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Super School of 5 trachoma programme expands to Nigeria

September 2018
Sightsavers staff and guests stand on stage and wave at the camera.
Afro-pop singer Omawumi Megbele (third from right) joined Sightsavers staff and guests at the launch event in Lagos.

A project that uses superhero characters to educate children about the spread of blinding eye disease trachoma is being launched in Nigeria.

The Super School of 5 programme will be introduced as part of efforts to fight trachoma in Nigeria, which has the second largest number of people at risk of the disease worldwide.

The announcement was made at an event in Lagos on 6 September, attended by Afro-pop singer-songwriter Omawumi Megbele, alongside Sightsavers Country Director Dr Sunday Isiyaku and senior representatives from the Lagos State Ministry of Education and the Federal Ministry of Health.

Sightsavers has been working with Unilever and Lifebuoy since 2014 on the Super School of 5 programme, which uses five superhero characters to teach school children about the importance of hand and face washing to help prevent and eliminate trachoma. The project has found that using superhero characters helps children to engage with the lessons, as well as encouraging them to take their new-found knowledge back to their families, helping to change behaviour in the wider community.

The flagship educational programme has already changed lives in Kenya, Ethiopia and Zambia, and is now being extended to more than 40,000 schoolchildren in 60 schools in Nigeria, where there are currently around 20 million people at risk of trachoma.

The infectious condition starts as a bacterial disease that can be easily prevented and treated. But if it’s not caught in time, it can lead to scar tissue that can cause the eyelids to turn inward, leading to irreversible blindness. It is spread from person to person through hands, clothing and infected flies. Trachoma thrives where there are water shortages and poor sanitation.

Boy is held by his mother, he has a face washing guide in his hand.

Super School of 5

This innovative project uses colourful superhero characters to teach school children about the importance of washing their hands and faces.

More about the project

Sightsavers’ Sunday Isiyaku was on the panel at the event, which launched Unilever’s Lifebuoy soap brand in Nigeria. He explained the life-saving benefits of the partnership, in which Unilever provides soap and other materials used for the programme. He said: “Washing your face and hands with soap can make all the difference in keeping communities free of diseases like trachoma. While Sightsavers and our partners have made great strides in tackling trachoma with antibiotics and surgery, environmental factors and personal hygiene are crucial steps in preventing its spread and eliminating it for good.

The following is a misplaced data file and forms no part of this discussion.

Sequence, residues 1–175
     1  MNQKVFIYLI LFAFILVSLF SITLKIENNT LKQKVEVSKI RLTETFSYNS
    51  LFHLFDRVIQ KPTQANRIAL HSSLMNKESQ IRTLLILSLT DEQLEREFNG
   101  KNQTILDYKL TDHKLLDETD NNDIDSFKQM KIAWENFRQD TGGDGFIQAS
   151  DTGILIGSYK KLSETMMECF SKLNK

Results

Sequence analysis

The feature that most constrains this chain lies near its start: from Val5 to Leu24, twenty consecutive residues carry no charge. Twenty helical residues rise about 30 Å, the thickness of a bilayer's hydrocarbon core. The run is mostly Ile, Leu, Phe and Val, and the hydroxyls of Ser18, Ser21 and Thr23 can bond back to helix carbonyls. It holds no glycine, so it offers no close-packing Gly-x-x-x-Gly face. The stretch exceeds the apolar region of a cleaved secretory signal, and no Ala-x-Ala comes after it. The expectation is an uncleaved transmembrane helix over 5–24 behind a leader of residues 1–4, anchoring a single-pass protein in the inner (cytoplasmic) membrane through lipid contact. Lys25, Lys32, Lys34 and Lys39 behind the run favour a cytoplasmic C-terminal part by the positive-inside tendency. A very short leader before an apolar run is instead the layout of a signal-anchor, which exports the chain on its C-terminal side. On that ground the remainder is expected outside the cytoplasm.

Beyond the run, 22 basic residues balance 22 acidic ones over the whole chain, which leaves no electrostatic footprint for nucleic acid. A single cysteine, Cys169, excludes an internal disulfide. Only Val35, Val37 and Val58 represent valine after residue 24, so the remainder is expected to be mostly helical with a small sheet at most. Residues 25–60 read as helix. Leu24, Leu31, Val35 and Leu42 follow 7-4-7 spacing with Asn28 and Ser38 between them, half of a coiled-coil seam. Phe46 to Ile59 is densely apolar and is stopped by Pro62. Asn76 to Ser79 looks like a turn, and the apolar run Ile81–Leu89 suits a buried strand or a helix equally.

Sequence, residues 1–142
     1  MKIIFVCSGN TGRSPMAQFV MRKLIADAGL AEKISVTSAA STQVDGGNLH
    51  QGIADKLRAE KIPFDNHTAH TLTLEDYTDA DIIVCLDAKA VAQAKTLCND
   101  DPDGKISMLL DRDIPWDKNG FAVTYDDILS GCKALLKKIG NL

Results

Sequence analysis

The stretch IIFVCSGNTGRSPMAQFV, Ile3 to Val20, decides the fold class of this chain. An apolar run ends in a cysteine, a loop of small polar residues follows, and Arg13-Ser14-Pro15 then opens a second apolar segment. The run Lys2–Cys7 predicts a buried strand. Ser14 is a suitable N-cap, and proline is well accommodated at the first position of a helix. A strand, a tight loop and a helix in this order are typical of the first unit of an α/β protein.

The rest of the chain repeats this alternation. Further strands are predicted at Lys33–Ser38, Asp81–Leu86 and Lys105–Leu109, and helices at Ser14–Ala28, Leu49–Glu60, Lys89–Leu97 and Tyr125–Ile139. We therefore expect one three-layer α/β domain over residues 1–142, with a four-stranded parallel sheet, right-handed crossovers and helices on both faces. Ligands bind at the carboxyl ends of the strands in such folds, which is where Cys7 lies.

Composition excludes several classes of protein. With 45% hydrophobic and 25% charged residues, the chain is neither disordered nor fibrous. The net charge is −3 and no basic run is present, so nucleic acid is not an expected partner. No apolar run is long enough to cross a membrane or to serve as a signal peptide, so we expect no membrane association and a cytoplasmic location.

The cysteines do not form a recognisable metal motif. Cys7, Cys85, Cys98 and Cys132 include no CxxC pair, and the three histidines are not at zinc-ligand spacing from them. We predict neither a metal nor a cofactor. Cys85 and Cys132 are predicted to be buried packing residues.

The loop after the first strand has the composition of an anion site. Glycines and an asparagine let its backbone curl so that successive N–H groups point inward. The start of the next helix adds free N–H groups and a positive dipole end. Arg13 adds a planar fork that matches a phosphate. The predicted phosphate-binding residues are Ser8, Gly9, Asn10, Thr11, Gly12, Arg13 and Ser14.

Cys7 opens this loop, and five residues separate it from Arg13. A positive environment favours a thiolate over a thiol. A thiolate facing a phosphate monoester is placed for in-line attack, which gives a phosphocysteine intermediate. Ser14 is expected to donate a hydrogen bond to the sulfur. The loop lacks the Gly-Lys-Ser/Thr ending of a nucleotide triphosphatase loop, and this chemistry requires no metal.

“Getting into classrooms and sharing these messages with school children is key to the fight against preventable disease. We are really excited about this global partnership with Unilever and the opportunity to bring educational programmes into Nigerian schools.”

Singer Omawumi, Lifebuoy’s brand ambassador in Nigeria, was also on the panel. She said: “As a mother of two young children, I simply cannot imagine losing them to everyday preventable infections. It is a shame that hundreds of thousands of Nigerian children die before their fifth birthday each year. We must do more. I’m thrilled to partner with Lifebuoy to empower young Nigerian parents with the life-saving message of hand and face washing with soap. I look forward to lending my voice and influence to further this effort.”

The Super School of 5 programme has been supported by governments and funders including The Queen Elizabeth Diamond Jubilee Trust and UK aid.

Omawumi Megbele with Sunday Isiyaku.
Singer Omawumi Megbele with Sightsavers Nigeria Country Director Dr Sunday Isiyaku.

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